Saturday, April 14, 2007

Benedict's Book Club

Taken together with his recent releases on John Paul II and the 2006 Schülerkreis on creation and evolution, Monday's publication of the first volume of B16's study of the historical Jesus marks the Pope's third new book in little over a month.

In advance of Jesus of Nazareth's debut in Italian, Polish and the pontiff's native German, the first peeks are starting to pop up:
Benedict said the fundamental question he is exploring in the book is what Jesus did.

"What did Jesus truly bring, if he didn’t bring peace to the world, well-being for all and a better world? What did he bring?

"The answer is very simple: God. He brought God."

The book is the first of two volumes: Rizzoli, the Italian publisher, said Benedict is expected to write a second volume exploring the birth of Christ, his crucifixion and resurrection.

"Jesus of Nazareth" covers several key points of Jesus’ public life and ministry. An entire chapter is devoted to his baptism, another to the prayer Jesus taught the faithful, the Lord’s Prayer, and another to Jesus’ Sermon on the Mount, praising the poor, the meek and the hungry in the "Beatitudes."

"Confronted with the abuse of economic power, with the cruelty of capitalism that degrades man into merchandise, we have begun to see more clearly the dangers of wealth and we understand in a new way what Jesus intended in warning us about wealth."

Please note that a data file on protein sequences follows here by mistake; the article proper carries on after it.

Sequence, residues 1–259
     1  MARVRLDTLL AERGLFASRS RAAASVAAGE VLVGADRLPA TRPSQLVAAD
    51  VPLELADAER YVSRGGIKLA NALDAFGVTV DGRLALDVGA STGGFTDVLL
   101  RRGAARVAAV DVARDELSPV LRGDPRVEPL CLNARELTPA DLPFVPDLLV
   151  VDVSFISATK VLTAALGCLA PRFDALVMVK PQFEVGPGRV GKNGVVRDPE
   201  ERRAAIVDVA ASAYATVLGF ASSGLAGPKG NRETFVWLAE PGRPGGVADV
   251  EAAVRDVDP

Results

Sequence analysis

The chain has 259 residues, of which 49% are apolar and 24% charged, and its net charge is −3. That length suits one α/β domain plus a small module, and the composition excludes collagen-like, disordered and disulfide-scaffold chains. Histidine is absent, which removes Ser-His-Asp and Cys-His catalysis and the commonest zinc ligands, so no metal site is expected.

In another chapter on the key Biblical parable, the Good Samaritan, Benedict decries how the wealthy have ”plundered” Africa and the Third World both materially and spiritually through colonialism.
"Instead of giving them their God, the God that is close to us in Christ, and welcome from their traditions all that is dear and great ... we brought them the cynicism of a world without God, in which only power and profit matters," he wrote.

He criticized the lifestyles of the wealthy, citing "victims of drugs, of human trafficking, of sexual tourism, people destroyed on the inside, who are empty despite the abundance of their material goods."
At the same time, however, at yesterday's Vatican news conference presenting the book, the author's handpicked messenger, Cardinal Christoph Schönborn of Vienna, cautioned against seeing the Christ as nothing more than a "social reformer."
He noted Benedict’s tough stance on liberation theology -- the theology of salvation as liberation from injustice -- when he was prefect at the Vatican’s Congregation for the Doctrine of the Faith.

During his two-decade tenure as prefect, Ratzinger worked to cripple support for ”liberation theology;” some versions of the movement, which is especially popular in Latin America, are at variance with church teaching because they view Christ as a mere social liberator.

"The innumerable fanciful images of Jesus as a revolutionary, as a moderate social reformer, as the secret lover of Mary Magdalene, etc ... can be calmly deposited in the ossuary of history," Schoenborn said.

PHOTO 1: Reuters/
PHOTO 2: AP/Pier Paolo Cito